Health Minister Kim Hames has dismissed a Labor poll suggesting people in the catchment for the new Midland Hospital were opposed to it being privately run.
Dr Hames was at the official opening ceremony for the new 307-bed hospital, which has been built as a public-private partnership with Catholic hospital operator, St John of God.
St John of God will operate the public hospital providing free medical care, alongside its own private hospital in the same complex.
Labor claims a poll it commissioned in catchment area for the hospital, which begins operating next Tuesday, showed a majority of people surveyed did not like private organisations running public hospitals, and did not believe it would save taxpayers money.
Labor said almost 70 per cent of the 650 people polled believed privatisation would lead to taxpayers paying more for health services, rather than less.
Opposition Health spokesman Roger Cook said the poll suggested people remained unconvinced by the government’s arguments in favour of privatising some health services.
“I think this sends a clear message to the Barnett Government that privatisation of health is not a popular issue, and that they should significantly wind back any ambitions they have to further privatise the hospital system,” Mr Cook said.
But Dr Hames said Labor’s criticism was baseless, and he believed the public private partnership at Joondalup Health Campus had already demonstrated that the concept works.
“I think if you said that to the people of Joondalup and said you were going to take that away, you’d have a riot on your hands, because the quality of service provided through Joondalup is excellent,” he said.
Hospital will cater to all: WA Government
The State Government has also sought to dispel confusion over the new Midland Hospital, saying the Catholic-run public hospital will be free and open to all.
The official opening ceremony today repeatedly emphasised that the hospital would cater for the diverse community in Midland.
Dr Hames said Opposition criticism of the public-private partnership with St John of God had led many people to believe they would have to pay for public health services.
“That was the perception that the Labor Party, leading up to the last election, were trying to perpetuate and I think they did that very well because there was a lot of fear out there, amongst the community, that people were going to have to pay when they came to the hospital,” he said.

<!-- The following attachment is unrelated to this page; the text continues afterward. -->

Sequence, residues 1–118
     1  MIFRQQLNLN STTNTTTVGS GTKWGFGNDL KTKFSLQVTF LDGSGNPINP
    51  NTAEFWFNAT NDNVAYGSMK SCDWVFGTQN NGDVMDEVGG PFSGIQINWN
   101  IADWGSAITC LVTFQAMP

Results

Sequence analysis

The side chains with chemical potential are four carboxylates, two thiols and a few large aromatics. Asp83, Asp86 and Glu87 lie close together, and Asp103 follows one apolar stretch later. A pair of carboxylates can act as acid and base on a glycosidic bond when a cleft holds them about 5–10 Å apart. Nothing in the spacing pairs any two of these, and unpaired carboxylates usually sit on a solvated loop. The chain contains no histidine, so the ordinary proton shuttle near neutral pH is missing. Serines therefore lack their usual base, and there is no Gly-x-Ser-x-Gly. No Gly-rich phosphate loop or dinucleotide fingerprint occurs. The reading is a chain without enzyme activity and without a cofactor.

But Dr Hames said while the public hospital would be run by the Catholic organisation, it would welcome all members of the community.
“So we’ve done a lot of work to make sure people understand that they do not have to pay,” he said.
“This is a public hospital and all services provided to the public will be free of charge, the same as all of our other public hospitals.”
The opening ceremony also included a formal blessing of the hospital, led by Catholic Archbishop Timothy Costelloe, but joined by leaders of all faiths.
“As a facility under the care of a Catholic organisation, the hospital will be grounded in the mercy, compassion and respect for the worth and dignity of every human person, which are the values we have learned from the teachings and actions of Jesus,” he said.
“They are, of course, the same values that are at the heart of every religion, every faith, and are found in the heart of every person.”
Dr Hames said birth control and abortion procedures not available at the new Catholic-run public hospital in Midland would be offered at a government-funded clinic nearby.
St John of God has refused to offer birth control and abortion services in the public hospital, or have them offered by another operator on the same site.
Dr Hames said those services would be provided by Marie Stopes International at another premises in Midland.
“And those services that can’t be provided in this hospital, like vasectomies, which were only a very small proportion of the numbers of procedures at the former hospital, will be provided just down the road from here at Marie Stopes International,” he said.